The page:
Goodhue began as a railroad town, which is probably the reason Goodhue survived when many of the other settlements started at this time did not. Construction on the railroad began in the summer of 1888 and was completed in May of 1889. The area where Goodhue is located became a center of activity as railroad workers, sometimes as many as 600, lived in barracks and tents. The first trip from Red Wing to Rochester was made May 7, 1889. After this there were four stops a day in Goodhue.
In 1889 T.B. Sheldon, prominent grain dealer and president of the Duluth, Red Wing and Southern Railroad, purchased 30 acres of land between two railroad stops and had it duly platted into blocks containing a total of 106 lots.
From 1889 when the village was platted until 1897 the village was governed by the township of Goodhue. In 1897 thirty-four villagers signed a petition asking for a vote to incorporate Goodhue as a village. On March 31, 1897, 28 voted to incorporate. The final separation of the Goodhue village from the jurisdiction of Goodhue Township occurred on May 31, 1897, when another election made Goodhue a separate election and tax assessment district.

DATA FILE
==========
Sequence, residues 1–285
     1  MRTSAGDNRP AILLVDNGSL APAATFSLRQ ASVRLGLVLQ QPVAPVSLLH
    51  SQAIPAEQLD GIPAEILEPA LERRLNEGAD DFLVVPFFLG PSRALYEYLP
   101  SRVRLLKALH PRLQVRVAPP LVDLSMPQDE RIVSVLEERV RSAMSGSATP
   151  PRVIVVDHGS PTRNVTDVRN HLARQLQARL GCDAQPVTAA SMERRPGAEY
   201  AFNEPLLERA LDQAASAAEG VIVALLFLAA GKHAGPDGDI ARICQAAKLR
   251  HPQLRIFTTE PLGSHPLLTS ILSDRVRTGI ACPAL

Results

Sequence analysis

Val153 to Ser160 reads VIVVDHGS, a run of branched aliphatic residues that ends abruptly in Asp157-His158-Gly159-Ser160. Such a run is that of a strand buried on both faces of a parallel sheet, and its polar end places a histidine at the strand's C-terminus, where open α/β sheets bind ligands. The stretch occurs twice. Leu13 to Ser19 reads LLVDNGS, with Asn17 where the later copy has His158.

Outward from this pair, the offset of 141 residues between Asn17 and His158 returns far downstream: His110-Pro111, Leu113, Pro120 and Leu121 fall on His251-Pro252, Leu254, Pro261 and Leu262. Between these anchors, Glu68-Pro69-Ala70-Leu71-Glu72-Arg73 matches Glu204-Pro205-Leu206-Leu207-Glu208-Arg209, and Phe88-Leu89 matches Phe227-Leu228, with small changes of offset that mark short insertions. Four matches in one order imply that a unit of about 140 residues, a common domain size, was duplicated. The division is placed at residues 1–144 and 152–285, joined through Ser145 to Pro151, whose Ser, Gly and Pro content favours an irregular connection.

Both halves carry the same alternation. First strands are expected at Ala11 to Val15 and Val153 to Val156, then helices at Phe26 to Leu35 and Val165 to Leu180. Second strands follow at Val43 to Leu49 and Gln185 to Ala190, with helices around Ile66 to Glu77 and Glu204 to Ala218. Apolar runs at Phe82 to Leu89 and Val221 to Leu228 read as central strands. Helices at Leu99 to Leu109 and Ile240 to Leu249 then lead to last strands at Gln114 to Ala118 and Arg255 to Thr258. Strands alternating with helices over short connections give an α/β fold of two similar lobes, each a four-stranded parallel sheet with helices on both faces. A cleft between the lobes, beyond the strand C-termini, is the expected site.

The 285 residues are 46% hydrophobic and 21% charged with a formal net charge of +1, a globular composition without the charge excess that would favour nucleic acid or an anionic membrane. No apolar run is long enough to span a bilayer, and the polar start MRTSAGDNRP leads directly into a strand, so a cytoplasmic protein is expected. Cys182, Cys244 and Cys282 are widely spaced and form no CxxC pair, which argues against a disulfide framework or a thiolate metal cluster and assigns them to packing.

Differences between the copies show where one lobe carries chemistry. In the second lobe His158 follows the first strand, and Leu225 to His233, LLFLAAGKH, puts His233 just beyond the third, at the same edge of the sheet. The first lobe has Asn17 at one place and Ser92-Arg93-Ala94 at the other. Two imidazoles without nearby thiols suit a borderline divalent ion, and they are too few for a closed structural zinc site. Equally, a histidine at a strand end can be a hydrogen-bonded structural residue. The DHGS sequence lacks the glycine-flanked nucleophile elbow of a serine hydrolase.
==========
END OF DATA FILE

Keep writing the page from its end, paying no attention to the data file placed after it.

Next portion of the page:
When there was no longer any use for the railroad camps, there was still a mission for the little burg to perform, and from that time the place has always been regarded as an important trading post, keeping pace with the demands of a large and wealthy agricultural community which boards on every side.